How Not to Overthink as told by a Habitual Overthinker

Everyone has an overthinking friend. For some of us, we’re that friend.

For those of you who haven’t experienced it, allow me to paint a picture.

On the one hand, over-thinkers in the right setting are problem solvers. They can look at a problem, weight out all the possible outcomes and choose one based on their assessment of risk and reward. In professional settings, having an internal processor is great; not so much in social situations.

Overthinking is that moment you stop and replay the last conversation wondering if they might misinterpret what you said. It’s not saying hi to your crush because you are afraid they might see you as desperate. (Well, lets just admit that anything having to do with the person you’re attracted to leads to overthinking.) It’s feeling out of place among people you call your friends when you’re convinced that you have nothing to add to the conversation. Overthinking can be debilitating.

As an over-thinker myself, I’ve over the course of a few year, implemented a few things to keep my thoughts in check and help manage the stress brought on by my own insecurities.

  1. Recognize you cant control everything. Not everyone is going to like you. Not everyone will understand the intention behind your words. There are going to be moments when you’re misunderstood. Unfortunately that’s life. However if your relationship with some one is unearthed by one misunderstanding, there is probably a deeper issue you cant control or they’re not someone you want to keep in your inner circle.
  2. Know that you’re probably not the only one overthinking. Everyone has insecurities. And the plague of overthinking threatens us all at one point. A few years ago I was talking to a friend of mine and letting my thoughts out as soon as i thought them. “Woah, you overthink too much. You’re just like Aiden,” (our other friend). Why is that such an important thing to recognize? Because it gives you a safe place to share.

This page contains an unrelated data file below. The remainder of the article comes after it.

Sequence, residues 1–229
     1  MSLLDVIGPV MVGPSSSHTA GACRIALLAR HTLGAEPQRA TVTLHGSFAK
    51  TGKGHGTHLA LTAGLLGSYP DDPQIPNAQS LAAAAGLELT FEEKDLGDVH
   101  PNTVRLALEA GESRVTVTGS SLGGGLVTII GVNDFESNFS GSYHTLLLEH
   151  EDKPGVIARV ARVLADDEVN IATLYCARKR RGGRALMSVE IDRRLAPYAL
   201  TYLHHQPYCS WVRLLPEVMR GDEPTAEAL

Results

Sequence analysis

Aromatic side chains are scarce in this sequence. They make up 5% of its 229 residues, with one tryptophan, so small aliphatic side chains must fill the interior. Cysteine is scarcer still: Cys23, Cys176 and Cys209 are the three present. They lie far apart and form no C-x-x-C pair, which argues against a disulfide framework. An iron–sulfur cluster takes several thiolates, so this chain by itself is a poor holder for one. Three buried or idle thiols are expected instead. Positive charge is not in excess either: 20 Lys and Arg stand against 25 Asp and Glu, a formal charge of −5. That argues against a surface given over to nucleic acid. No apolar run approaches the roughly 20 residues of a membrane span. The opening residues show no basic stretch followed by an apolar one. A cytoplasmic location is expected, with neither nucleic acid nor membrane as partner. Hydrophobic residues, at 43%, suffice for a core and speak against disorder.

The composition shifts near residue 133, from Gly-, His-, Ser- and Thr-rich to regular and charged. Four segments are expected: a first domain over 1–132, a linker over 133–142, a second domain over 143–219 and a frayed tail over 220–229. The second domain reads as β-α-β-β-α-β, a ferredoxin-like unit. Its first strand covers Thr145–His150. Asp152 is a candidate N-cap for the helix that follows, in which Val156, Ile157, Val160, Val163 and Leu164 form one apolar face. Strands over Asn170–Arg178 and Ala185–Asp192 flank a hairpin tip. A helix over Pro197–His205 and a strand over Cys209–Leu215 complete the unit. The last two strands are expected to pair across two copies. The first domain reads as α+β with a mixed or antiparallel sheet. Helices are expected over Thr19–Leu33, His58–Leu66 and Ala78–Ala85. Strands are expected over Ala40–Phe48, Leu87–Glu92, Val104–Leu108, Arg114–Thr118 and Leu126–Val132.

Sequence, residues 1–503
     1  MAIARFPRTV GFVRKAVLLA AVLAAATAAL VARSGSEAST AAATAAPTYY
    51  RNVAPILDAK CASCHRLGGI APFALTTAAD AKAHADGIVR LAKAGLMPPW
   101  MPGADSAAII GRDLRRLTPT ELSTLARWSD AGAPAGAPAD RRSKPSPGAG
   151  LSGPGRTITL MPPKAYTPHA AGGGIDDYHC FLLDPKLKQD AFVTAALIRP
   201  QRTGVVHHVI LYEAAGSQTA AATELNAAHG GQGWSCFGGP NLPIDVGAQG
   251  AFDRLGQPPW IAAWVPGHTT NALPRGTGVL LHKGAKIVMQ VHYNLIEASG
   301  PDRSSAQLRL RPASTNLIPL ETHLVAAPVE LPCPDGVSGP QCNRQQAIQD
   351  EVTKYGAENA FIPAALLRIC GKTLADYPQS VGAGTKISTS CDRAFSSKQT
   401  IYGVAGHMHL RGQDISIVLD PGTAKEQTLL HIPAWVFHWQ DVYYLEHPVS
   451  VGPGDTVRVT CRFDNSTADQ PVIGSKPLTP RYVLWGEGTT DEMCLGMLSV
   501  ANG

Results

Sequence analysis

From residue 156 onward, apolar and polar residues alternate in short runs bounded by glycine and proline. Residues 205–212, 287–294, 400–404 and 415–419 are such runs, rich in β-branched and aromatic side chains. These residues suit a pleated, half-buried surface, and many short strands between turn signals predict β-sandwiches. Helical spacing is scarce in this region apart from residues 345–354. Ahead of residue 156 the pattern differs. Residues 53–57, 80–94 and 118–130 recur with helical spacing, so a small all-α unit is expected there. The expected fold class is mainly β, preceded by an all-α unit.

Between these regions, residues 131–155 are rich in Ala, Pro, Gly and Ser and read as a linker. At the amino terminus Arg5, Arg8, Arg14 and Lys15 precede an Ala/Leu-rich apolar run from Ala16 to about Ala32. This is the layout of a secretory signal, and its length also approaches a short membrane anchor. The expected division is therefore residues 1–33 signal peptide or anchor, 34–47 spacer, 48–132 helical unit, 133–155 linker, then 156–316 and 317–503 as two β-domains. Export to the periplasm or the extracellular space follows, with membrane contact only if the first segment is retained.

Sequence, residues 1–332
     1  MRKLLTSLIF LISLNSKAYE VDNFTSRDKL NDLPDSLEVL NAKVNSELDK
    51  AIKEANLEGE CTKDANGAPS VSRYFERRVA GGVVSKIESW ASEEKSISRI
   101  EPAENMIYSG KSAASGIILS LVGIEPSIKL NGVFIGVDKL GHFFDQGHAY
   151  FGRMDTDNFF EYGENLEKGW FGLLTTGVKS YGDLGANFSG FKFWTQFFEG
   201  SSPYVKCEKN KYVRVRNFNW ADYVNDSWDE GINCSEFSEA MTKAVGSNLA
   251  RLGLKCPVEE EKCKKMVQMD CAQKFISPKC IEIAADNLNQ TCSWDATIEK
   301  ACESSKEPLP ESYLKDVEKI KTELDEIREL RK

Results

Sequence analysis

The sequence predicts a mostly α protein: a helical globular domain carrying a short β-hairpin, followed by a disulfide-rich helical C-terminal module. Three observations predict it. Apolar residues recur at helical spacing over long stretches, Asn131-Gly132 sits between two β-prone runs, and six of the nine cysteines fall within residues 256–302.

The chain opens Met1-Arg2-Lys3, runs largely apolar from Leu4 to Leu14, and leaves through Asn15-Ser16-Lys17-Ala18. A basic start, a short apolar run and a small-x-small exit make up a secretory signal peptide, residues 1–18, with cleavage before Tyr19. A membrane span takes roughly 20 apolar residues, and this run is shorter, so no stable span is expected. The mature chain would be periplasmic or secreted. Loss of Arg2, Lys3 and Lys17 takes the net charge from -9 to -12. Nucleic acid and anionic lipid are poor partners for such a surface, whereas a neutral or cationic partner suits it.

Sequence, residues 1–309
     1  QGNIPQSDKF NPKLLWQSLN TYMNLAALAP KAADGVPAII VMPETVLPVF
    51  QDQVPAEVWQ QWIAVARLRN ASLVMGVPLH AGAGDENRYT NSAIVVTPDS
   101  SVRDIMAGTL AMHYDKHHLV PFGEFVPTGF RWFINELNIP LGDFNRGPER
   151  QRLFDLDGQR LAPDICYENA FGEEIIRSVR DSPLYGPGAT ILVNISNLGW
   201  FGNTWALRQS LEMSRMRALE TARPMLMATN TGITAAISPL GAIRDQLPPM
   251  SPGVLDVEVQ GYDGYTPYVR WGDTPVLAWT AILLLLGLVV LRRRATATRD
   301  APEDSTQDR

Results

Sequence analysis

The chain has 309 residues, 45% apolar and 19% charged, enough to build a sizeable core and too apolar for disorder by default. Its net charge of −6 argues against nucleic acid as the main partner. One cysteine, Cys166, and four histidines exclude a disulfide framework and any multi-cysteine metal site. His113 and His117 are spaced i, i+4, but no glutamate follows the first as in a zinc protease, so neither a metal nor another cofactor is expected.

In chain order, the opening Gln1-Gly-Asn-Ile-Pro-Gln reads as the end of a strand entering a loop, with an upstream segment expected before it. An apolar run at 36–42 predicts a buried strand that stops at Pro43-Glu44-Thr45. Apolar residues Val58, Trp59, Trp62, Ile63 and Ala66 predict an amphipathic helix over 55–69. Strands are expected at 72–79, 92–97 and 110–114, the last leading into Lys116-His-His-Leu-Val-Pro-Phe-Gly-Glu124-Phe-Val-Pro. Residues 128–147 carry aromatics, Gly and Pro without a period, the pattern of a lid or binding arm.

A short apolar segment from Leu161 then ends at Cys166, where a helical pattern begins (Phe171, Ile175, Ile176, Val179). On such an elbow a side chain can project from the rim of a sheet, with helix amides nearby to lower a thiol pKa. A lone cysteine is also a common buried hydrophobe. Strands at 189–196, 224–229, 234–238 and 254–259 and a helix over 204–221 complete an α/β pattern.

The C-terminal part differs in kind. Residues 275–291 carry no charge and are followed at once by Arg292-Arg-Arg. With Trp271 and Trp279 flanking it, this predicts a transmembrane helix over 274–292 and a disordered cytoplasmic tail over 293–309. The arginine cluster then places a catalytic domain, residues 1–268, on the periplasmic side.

3. Remind yourself it’s not all about you. If you find yourself overthinking when it comes to your interactions with people, let me be the one to lift the burden off your shoulders: no one is really thinking about you anyway. Don’t follow the destructive pattern of self accusatory thinking. Any overthinking that is inward focused will only bring more burden and anxiety. Thankfully, people think about you less than you think.
  4. Focus on something bigger than yourself. Honestly one of the things I’ve implemented that has helped me get over my overthinking is talking it out with God. I have a specific routine I do when I get overwhelmed with anxiety or social stress. As soon as I feel the tension of overthinking, I stop what I’m doing, pull out my journal and write all of my feelings and what cause it. For example, if I have a conversation with my boss and walk away feeling misunderstood, I write in my journal exactly that. If I have trouble identifying what I’m feeling, I pull out a feelings list or search one on google. Usually my feelings are tied to an insecurity. I write it all out. Then, through writing in my journal, talk to God and ask him what are the things he says about me that make me feel secure. I write those down. And then I pray. I pray (again by writing cause that’s my thing) and ask Him to take away the negative feelings listed on the page in black and white, and replace them with the truth of what he says. I’ve been using this process for the better part of two years and its made a world of difference in managing my overthinking and improving my relationship with God. By stopping in my tracks and mentally reaching out for someone bigger than myself, I’m able to gain perspective and peace.

Overthinking can be a beast. But rest assured there is relief. And if you find that your overthinking leads to anxiety or is more severe, don’t hesitate to go to a counselor or therapist for help. Sometimes it’s the best first step.

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